“Socially, mothers are expected to put their children’s needs above all others, and certainly above their own,” said Das, author of the 2017 World Bank paper we referred to earlier. A woman who prioritises her career ahead of, or even alongside, young children being brought up by domestic workers or in daycare “often receives implicit or explicit censure both within and outside the house”, she said.
When women get pregnant, the barriers they already face at the workplace just making a name for themselves are amplified, said Sairee Chahal, founder and CEO of Sheroes, which describes itself as the world’s largest online career destination for women with two million members.
“For mothers, managing the logistics–daycare, reliable household help, a support system–can become problematic,” Chahal said. The incentive to remain employed thus decreases dramatically as a result. “There is a silent but stark effect on mums.”
As joint families break down, the burden of child rearing goes up. “Motherhood places a penalty on almost all female workers–unless formal or informal institutions, as well as fathers and husbands, step in to share care responsibilities with women and female wages are high enough to compensate for the monetary and non-monetary costs of childcare,” said Das.
“Our own studies have found that having young children constrain women’s employment whereas having an older female relative, say, a mother-in-law, increases her chances of employment,” she said.
Globally, mothers of children below the age of five have, at 47.6%, the lowest employment rate compared with 87.9% for fathers and 54.4% for women who had no children, found a June 2018 study of 90 countries by the International Labour Organisation (ILO), Care Work and Care Jobs for the Future of Decent Work.
The report confirms that motherhood definitely and demonstrably impacts women’s employment prospects. But is it alone in keep women away from employment?Source: International Labour Organisation, Care Work and Care Jobs for the Future of Decent Work, June 2018.)
Defining women’s work
All over the world, it is women who bear a disproportionate burden of not just child care but also other work around the house–cooking, cleaning, looking after the elderly and disabled, fetching firewood, fodder and water.
In no country do men and women equally share unpaid care work. It is women who end up doing over three-quarters of the total global amount of unpaid care work.
This work, needless to say, is unpaid.
Of course, it comes at a cost. Gender inequality in household work is reflected in the labour market. Put simply, the more you work (unpaid) in the house, the less time you have to work (paid) in the market.
In 2018, found the ILO report authored by Laura Addati and others, 606 million women of working age all over the world declared themselves to be unavailable for employment due to unpaid care work, while only 41 million men were inactive for the same reason.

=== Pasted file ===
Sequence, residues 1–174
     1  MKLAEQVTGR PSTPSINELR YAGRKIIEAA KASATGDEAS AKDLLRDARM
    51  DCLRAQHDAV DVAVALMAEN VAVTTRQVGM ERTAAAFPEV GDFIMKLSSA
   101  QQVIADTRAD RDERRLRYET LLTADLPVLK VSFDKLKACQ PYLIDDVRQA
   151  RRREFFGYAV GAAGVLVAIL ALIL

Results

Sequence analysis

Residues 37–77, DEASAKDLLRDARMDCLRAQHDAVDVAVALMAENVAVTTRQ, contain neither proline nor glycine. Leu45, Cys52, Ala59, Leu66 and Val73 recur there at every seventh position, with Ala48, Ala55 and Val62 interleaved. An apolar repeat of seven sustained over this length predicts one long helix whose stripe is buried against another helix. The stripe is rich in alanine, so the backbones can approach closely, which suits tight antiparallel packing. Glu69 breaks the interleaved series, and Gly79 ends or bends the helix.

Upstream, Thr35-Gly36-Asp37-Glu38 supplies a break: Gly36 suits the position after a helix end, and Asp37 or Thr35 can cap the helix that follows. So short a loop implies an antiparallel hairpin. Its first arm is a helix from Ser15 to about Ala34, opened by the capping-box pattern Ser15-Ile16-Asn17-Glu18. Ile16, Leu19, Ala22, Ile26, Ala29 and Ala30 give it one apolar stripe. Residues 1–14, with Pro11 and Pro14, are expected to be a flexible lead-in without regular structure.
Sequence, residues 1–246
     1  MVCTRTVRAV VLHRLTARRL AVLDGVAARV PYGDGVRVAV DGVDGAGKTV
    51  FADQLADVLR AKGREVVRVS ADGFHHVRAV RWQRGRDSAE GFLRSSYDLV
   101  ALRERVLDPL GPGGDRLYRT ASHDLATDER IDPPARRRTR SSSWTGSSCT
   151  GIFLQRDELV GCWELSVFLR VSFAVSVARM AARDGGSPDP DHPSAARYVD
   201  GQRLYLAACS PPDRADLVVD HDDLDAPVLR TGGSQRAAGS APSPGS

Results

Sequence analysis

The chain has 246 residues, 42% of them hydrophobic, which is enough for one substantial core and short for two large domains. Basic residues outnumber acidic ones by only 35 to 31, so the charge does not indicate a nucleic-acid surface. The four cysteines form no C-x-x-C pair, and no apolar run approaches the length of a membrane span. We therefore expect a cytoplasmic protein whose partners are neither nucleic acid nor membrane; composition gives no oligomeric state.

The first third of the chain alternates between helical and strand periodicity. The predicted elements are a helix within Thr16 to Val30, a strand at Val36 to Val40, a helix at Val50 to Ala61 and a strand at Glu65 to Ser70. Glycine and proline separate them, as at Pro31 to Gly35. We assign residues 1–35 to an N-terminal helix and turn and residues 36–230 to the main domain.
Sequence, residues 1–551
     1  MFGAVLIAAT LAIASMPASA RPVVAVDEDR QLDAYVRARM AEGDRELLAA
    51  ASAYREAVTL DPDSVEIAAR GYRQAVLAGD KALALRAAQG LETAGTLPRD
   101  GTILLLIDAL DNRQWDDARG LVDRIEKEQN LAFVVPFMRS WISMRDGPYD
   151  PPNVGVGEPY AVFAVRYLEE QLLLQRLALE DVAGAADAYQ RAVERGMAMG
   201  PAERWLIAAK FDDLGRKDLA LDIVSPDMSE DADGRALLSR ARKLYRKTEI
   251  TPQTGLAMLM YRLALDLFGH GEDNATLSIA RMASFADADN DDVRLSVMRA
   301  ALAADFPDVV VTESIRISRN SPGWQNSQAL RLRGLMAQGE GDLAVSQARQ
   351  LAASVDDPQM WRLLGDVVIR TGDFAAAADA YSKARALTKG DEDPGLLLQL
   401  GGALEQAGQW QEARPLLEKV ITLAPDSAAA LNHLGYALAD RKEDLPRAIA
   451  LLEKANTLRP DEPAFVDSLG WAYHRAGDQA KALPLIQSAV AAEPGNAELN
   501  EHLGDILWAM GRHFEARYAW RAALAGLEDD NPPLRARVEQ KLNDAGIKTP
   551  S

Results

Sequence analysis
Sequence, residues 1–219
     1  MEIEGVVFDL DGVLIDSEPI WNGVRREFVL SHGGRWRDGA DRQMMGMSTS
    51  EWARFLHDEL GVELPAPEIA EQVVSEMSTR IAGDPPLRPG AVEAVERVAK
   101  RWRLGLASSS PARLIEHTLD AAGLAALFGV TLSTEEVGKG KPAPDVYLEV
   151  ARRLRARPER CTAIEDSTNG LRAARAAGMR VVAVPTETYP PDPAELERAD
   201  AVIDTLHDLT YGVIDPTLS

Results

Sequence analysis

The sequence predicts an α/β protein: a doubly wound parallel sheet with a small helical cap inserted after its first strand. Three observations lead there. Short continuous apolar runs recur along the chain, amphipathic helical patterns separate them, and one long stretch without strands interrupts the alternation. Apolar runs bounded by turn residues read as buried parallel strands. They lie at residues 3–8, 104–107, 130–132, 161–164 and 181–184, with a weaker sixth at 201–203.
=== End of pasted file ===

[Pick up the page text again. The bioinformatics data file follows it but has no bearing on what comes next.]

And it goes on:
It is unpaid care work that constitutes the “main barrier to women’s participation in labour markets”, noted the report.
“A high road to care work implies achieving gender equality in labour markets and in households, therefore addressing the motherhood penalty,” said Laura Addati, lead author of the report and maternity protection and work-family specialist, ILO, Geneva. “Since care is a common good, the report calls for the overall and primary responsibility of the State in adopting transformative care policies in five main policy areas: care, macroeconomic, social protection, labour and migration policies,” she said in an email response.
Farzana Afridi, an associate professor with the Indian Statistical Institute, agreed: It is marriage, rather than motherhood, that is the first stumbling block in women’s workforce participation.
In 2011, for instance, half of all unmarried women in the 15-60 age bracket were in the labour force while the comparative rate for married women was 20%–a figure that has remained more or less stagnant for three decades, she said.
“For most women, there is a very narrow window to join the labour force between the time they complete their education and the time they get married,” she said. With motherhood, the chances of remaining in paid employment do go down–but not as much as they do with marriage, said Afridi.
Time-use data also show that whether a woman has one child or three, the time she spends on unpaid care work remains the same, said Afridi. The issue is not so much having children, the issue is unpaid care work. “You cannot address women’s workforce participation without first addressing the amount of unpaid care work they are required to do,” said Afridi. “Motherhood is a penalty but it is not the only one.”
Bearing the cost
Mandating paid maternity leave is one obvious intervention that governments can make, even though in India it impacts only the roughly 5% of women who work in the organised sector.
Yet, found a recent study by human resources services company TeamLease, in the short-term, enhanced maternity leave could lead to as many as 12 million women potentially losing jobs across all sectors in 2018 as a result of the Maternity Benefit (Amendment) Act of March 2017 that increased maternity leave from 12 to 26 weeks.